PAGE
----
The data set used here consists of four daily average quoted rates on American exchange market against the American Dollar: CAD/USD, JPY/USD, SZF/USD and SFR/USD. Our choice of data is justified by the fact that the dollar is by far the most widely traded currency. According to the 1998 survey, the dollar was one of the two currencies involved in an estimated 87 percent of global foreign exchange transactions, equal to about $1.3 trillion a day.

In part, the widespread use of the dollar reflects its substantial international role as: “investment” currency in many capital markets, “reserve” currency held by many central banks, “transaction” currency in many international commodity markets, “invoice” currency in many contracts, and “intervention” currency employed by monetary authorities in market operations to influence their own exchange rates. The other currencies represent 4 countries witch are respectively: Canada, Japan, Switzerland and South Africa. They are almost representing different continents.

It consists of a daily data from January 1971 to December 2002. 60% of the data set serves as the training set, while the 40% is used as the test set. One step ahead out of sample forecast is conducted to evaluate the accuracy and reliability of various models under investigations. The original observations are log differenced (i.e.) for further processing and modeling attempts.

Figure 1, Figure 2, Figure 3 and Figure 4 display the time series of CAD/USD, JPY/USD, SFR/USD and SZF/USD exchange returns from January 1971 to December 1989.

According to these figures, we observe that the average of exchange rates appears constant and no change in the average is observable. We also notice the presence of periodic clusters of the volatility; in particular large variations have the tendency to be followed by high variations of having variable signs and periods of tranquility alternate with periods of elevated volatility. For the CAD/USD, and SZF/USD we notice more steep changes than JPY/USD and SFR/USD. We will perfect these remarks by the survey of the statistical properties of series of exchange rates returns.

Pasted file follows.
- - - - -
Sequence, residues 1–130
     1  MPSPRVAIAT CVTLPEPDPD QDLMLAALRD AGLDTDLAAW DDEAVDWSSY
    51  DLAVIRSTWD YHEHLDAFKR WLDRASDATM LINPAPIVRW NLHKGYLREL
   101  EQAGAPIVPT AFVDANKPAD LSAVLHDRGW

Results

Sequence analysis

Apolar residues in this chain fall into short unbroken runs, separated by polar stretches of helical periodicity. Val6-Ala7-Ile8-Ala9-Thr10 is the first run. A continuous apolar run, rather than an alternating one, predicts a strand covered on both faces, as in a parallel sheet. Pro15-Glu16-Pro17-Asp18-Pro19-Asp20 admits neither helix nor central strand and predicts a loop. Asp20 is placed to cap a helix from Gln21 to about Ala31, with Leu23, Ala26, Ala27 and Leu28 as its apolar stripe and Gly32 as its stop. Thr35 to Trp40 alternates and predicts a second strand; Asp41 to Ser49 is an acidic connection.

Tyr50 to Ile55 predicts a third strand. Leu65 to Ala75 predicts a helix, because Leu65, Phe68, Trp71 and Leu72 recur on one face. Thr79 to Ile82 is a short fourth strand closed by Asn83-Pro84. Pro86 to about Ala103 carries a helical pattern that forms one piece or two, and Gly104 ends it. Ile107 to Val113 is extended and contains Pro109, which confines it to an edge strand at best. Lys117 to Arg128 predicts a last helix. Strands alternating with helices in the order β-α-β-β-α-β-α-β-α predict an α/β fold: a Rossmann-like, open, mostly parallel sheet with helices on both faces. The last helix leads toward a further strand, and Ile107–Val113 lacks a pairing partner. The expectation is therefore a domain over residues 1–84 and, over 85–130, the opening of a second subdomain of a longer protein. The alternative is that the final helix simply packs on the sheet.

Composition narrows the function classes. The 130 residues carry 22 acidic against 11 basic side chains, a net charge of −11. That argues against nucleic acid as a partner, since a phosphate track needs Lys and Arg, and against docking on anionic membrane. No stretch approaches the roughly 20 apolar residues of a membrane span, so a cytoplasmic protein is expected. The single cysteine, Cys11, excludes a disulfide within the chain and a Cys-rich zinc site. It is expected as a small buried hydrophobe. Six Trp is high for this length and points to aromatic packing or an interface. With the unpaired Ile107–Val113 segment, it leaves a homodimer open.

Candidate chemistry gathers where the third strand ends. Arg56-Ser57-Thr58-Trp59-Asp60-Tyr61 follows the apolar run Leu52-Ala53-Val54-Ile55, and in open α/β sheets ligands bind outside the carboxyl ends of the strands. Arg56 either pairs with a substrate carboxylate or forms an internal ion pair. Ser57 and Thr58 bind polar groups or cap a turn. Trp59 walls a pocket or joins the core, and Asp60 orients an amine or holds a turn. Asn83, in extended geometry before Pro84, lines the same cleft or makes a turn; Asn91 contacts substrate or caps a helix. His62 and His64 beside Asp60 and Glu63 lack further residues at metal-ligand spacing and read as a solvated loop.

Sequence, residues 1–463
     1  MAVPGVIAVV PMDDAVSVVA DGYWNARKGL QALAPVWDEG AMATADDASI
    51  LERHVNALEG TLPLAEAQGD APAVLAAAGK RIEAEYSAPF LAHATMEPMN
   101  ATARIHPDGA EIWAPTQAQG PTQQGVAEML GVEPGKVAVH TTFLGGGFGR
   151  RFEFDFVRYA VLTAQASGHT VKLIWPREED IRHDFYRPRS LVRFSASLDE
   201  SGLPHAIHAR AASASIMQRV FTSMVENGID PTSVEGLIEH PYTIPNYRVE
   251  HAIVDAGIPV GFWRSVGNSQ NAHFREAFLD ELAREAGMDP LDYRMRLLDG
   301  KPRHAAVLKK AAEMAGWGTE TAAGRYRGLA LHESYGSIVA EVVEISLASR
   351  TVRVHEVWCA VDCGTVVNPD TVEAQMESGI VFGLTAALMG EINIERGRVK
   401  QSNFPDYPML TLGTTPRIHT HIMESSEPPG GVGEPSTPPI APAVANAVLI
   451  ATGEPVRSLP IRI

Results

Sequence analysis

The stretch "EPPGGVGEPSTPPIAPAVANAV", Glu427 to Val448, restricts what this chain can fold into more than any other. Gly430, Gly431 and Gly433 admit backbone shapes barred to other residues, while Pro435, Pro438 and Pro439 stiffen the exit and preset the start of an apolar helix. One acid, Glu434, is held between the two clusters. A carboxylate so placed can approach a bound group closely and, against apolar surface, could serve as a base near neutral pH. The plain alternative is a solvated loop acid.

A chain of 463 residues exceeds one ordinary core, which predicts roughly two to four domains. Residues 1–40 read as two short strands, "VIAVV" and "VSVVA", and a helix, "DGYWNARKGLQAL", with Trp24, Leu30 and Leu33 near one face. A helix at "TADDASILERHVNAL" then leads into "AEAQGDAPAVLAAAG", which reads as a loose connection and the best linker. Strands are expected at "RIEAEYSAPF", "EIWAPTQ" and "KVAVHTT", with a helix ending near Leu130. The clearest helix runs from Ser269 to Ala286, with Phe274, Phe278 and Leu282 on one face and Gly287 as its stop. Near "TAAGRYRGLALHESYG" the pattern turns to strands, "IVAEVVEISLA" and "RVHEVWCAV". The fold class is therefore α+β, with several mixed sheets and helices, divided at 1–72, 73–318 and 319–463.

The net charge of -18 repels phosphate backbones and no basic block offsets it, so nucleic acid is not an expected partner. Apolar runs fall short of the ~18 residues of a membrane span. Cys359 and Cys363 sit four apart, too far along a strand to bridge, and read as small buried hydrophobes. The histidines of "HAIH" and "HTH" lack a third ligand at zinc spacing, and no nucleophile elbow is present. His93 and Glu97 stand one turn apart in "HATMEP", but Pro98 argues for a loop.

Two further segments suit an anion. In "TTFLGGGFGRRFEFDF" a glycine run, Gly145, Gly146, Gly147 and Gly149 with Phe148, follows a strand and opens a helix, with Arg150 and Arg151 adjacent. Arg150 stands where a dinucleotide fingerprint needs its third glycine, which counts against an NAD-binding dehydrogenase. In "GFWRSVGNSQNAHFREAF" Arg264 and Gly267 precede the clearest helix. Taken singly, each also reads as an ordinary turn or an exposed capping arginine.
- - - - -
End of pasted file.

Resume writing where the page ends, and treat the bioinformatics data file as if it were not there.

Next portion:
Table 1 summarizes the descriptive statistics for the exchanges rates returns along the whole period. We remark that these facts suggest a highly competitive and volatile market which makes adequate risk management and control necessary. Firstly, there are significant price fluctuations in the markets as suggested by positive standard deviations. The substantial difference between the minimum and maximum level also indicates considerable losses, as foreign exchange dealers could face large gains as well as huge losses if risks are not properly measured and managed.

Secondly, we can remark that there is a higher probability of losses in the second and the fourth market as indicated by the negative Skewness.

Thirdly, the high level of excess kurtosis ranging from 3.78416 to 73.74597 suggests that the markets are volatile, with high probability of extreme events occurrences.

The nonlinear and volatile nature of the foreign exchange markets are further confirmed by formal statistical tests conducted. The rejection of Jarque-Bera test of normality suggests that the returns deviate from normal distribution significantly and exhibit leptokurtic behaviors.

As mentioned in this paper for hypothesis testing approach, the null hypothesis I that the VaR models exhibit statistical properties that are characteristics of accurate VaR estimate. The test statistics is calculated and compared to critical values corresponding to certain confidence level to decide whether or not to reject the model at that confidence level.

The order is set to 1 for GARCH model since empirical researches suggest that GARCH (1, 1) suffices for most of the situations. The order is set to 1 for ARMA process. For 1 day horizon, the complete set of daily volatilities is generated by using GARCH (1, 1). VaR values are forecasted on the basis of the estimated volatilities.